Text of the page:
• High latitude cockpit enclosure (& lazyjack bag) blog post here
  • Serviced the 3 Kw Mikuni diesel heater by Garstad
  • Installed electric ovens in all cabins and salon, 1800W total
  • Insulated roof and sides with 30-40mm Armaflex blog post here
  • Installed insulated heat ducts throughout the entire boat
  • New natural latex mattress topper & DIY custom fitting


  • New VHF antenna cable

New through hulls

The through-hulls are very easy to remove. Simply tap some wooden plugs into each hole. As you can see, we had to fit the plugs shaving off some wood using a knife.
Use a hand saw to saw off the plug flush with the hull.
First use a hole saw to drill out the old through-hull, then give the metal a tap from the side with a chisel and hammer. They should come off very easily.
As you can see, they are no longer brass coloured, but reddish. This is a clear indicator they are completely ruined by galvanic corrosion.
This is the 1 1/4″ ball vent for the galley – it just came right off when I was using just my hands trying to loosen the hose from it. We would be in so much shit if that came off crossing the Biscay…
Big grin, and a big anchor!
Our Lofrans windlass got an additional 50 meters of chain to haul.
What in the actual fuck? The previous owner though this was a adequate solution for control box replacement. HARDLY waterproof!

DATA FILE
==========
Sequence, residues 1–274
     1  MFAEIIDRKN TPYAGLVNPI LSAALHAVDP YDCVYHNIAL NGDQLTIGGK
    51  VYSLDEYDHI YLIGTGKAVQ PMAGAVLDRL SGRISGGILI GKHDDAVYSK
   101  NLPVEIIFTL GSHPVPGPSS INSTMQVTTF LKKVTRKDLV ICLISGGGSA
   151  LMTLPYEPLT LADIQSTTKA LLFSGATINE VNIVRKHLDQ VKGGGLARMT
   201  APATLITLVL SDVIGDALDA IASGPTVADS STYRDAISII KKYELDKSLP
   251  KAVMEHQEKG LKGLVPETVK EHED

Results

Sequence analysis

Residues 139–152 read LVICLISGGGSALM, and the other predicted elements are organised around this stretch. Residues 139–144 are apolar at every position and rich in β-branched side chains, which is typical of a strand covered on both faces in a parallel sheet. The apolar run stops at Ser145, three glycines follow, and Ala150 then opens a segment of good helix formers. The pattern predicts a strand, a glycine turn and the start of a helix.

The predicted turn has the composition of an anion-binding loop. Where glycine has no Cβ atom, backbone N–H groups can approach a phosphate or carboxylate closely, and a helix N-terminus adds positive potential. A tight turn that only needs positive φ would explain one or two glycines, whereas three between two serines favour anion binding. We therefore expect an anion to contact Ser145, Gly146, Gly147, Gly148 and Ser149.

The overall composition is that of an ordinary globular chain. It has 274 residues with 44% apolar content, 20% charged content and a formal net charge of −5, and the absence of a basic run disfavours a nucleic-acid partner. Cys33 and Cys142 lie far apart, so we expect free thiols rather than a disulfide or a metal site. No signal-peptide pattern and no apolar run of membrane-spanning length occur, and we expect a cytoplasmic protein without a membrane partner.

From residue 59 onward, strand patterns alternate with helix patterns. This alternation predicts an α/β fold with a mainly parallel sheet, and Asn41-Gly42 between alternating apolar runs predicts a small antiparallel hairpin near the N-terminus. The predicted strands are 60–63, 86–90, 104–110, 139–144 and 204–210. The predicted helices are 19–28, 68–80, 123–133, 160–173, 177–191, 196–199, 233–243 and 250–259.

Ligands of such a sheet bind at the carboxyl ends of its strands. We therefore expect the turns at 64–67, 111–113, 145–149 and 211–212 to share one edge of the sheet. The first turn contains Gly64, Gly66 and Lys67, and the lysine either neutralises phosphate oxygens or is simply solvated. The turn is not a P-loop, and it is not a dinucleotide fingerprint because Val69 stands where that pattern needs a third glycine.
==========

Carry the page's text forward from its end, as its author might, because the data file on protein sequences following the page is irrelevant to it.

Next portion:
I replaced the box, and cord, and the cord was pulled to the inside and hooked directly to the relay that control the windlass, so the entire electrical chain is now waterproof.
The anchor roller was extended to accommodate for both the big-ass Rocna, and to function as a bow spit when flying the Code 1 light wind sail.
We took the rudder off, cause there bearing was quite worn. And as you can see, the quadrant needed some TLC as well
The quadrant was completely stripped for paint.
The old bearing was removed by using a manual padsaw. An electric will generate too much heat and melt the POM instead. With two slits done, you can tap out the POM, then use a screw clamp to force the bearing to bend inwards so you can pull it out.
Looking MUCH better with brand new POM bearing, 7 layers of paint on the quadrant, everything nice and clean, and well oiled. Helming feels TIGHT, yet so feather light you can use your pinky!

With the rudder off, we used the opportunity to inspect the propeller shaft etc, and it turned our the cutless bearing was completely demolished. Further inspections revealed pitting in the propeller shaft, and so the entire assembly was replaced. A costly operation, but better safe than sorry.